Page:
After wrapping up 2015 and looking to the year ahead, it’s important for advertisers to be aware of important dates that will ultimately impact campaigns, special promotions, and traffic throughout the year. The biggest holiday in Russia, the New Year, has already passed us by, but there are a number of other important days to keep in mind as 2016 pushes forward. Russian Search Marketing is outlining some of the biggest days and time periods for marketers to note for 2016 in this Russian advertising calendar. While most of the dates are set, some like Easter vary from year to year so we are providing you with specifics for 2016.
In this blog post, we present you with a month-by-month look at the Russian advertising calendar. The calendar below does not just make note of official Russian holidays, of which there are eight. Other important dates are also described, whether they be traditional religious holidays or relatively recent creations. The official holidays are marked in red, while the other important dates are highlighted in blue. Knowing the specific holidays in Russia can help predict consumer behavior, as one can assume when certain items will be popular around certain days…people are probably not searching for Father Frost decorations in the middle of July but flip flops for their summer vacation.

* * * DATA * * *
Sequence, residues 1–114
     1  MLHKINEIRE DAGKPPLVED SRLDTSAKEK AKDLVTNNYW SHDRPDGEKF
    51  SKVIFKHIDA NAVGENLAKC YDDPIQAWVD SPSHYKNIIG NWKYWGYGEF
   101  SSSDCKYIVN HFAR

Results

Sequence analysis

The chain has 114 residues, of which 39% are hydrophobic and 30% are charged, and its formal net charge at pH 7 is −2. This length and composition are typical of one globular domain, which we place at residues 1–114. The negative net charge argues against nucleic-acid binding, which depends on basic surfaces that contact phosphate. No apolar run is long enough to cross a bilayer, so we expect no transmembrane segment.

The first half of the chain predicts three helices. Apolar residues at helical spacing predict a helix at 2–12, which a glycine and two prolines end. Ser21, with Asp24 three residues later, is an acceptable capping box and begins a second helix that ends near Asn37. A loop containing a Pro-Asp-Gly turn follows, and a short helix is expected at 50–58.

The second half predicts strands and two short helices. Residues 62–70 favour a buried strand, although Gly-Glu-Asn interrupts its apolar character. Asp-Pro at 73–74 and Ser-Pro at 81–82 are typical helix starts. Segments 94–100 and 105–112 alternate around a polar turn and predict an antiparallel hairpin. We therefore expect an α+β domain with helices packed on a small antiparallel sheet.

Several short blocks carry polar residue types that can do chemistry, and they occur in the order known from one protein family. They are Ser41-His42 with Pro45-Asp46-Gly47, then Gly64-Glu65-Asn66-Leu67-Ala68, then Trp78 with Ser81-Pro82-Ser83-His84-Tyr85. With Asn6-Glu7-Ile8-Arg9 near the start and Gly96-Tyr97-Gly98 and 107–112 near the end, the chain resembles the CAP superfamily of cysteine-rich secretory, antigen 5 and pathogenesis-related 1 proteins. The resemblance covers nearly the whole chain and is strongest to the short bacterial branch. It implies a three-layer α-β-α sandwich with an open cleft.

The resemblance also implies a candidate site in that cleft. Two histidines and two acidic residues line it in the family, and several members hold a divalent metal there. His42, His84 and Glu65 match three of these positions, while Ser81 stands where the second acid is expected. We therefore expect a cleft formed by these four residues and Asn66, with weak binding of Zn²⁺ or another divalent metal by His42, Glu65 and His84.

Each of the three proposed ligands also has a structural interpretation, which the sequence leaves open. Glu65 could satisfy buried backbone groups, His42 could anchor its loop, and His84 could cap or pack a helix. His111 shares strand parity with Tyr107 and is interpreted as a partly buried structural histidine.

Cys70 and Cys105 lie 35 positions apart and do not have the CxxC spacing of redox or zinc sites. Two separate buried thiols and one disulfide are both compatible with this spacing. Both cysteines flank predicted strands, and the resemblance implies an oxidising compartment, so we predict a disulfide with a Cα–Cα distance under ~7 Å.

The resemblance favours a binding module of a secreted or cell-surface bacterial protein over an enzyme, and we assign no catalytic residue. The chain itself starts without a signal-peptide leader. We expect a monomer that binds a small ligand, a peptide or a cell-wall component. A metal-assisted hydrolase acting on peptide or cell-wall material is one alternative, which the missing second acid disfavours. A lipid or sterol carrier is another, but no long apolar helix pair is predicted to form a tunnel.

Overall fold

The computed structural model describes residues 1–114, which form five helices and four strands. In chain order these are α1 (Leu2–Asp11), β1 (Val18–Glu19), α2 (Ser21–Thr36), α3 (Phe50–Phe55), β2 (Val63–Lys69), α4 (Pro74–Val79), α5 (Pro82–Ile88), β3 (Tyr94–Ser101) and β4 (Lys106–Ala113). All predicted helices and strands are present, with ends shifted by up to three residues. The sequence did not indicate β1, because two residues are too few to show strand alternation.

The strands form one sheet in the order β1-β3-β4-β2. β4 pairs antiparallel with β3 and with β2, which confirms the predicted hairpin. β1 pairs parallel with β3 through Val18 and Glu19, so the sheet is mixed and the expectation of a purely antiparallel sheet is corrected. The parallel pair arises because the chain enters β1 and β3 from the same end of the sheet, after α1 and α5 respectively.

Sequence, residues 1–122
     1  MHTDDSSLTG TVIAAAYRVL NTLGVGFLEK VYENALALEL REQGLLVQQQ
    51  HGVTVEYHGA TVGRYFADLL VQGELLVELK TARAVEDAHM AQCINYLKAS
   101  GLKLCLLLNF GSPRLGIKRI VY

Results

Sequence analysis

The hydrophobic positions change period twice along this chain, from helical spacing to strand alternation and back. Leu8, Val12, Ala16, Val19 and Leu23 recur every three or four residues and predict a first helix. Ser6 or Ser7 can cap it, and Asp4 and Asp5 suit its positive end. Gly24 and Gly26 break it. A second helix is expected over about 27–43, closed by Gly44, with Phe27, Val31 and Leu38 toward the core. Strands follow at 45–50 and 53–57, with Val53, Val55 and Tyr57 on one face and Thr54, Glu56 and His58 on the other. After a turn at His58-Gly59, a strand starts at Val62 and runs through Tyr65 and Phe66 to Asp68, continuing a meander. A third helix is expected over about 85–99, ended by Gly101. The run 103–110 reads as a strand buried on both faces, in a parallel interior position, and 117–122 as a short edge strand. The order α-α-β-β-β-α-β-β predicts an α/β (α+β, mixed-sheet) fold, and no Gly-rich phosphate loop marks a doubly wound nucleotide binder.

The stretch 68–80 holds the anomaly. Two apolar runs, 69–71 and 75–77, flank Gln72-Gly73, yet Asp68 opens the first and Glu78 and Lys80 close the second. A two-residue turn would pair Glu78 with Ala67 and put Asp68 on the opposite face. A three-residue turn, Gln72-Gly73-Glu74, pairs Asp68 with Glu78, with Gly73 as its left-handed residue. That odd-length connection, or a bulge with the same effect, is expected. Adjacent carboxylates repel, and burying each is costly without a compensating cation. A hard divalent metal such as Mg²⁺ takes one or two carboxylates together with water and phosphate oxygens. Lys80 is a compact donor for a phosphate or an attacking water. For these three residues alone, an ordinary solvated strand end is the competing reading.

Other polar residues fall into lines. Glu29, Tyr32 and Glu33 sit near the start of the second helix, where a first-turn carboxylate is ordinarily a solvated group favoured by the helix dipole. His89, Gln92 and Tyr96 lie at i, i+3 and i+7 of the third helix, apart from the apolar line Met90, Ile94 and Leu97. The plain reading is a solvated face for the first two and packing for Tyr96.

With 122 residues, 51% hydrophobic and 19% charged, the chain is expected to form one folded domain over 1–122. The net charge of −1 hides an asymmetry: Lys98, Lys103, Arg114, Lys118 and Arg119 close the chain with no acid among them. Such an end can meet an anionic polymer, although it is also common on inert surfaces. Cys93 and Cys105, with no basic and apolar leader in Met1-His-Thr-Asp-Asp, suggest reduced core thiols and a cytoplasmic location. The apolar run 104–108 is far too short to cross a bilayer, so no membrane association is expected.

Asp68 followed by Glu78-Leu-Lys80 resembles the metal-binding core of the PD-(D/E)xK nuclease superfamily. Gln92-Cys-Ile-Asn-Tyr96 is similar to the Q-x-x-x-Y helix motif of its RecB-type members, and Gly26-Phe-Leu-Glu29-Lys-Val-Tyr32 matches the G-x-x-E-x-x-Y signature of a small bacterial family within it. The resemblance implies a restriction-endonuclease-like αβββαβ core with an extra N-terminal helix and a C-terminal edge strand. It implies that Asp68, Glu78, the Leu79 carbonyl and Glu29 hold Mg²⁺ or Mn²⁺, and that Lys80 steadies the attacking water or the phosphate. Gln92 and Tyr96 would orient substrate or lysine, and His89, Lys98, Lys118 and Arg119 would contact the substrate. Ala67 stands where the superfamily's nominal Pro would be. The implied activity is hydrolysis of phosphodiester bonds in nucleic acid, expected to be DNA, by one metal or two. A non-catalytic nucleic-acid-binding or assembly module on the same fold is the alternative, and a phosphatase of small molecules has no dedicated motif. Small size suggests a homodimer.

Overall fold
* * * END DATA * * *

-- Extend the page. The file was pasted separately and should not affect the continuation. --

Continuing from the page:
Winter in Russia
Winter is a very busy time in Russia, especially as two of the biggest holidays occur within a week of each other; New Year’s and Orthodox Christmas. Every winter month has a special holiday that drives queries for gifts, flowers, and celebrations. These holidays offer great opportunities to run special promotions and campaigns. When it comes to travel, January is a popular month for Russians to take extra vacation days following the weeklong celebration of the New Year and Christmas.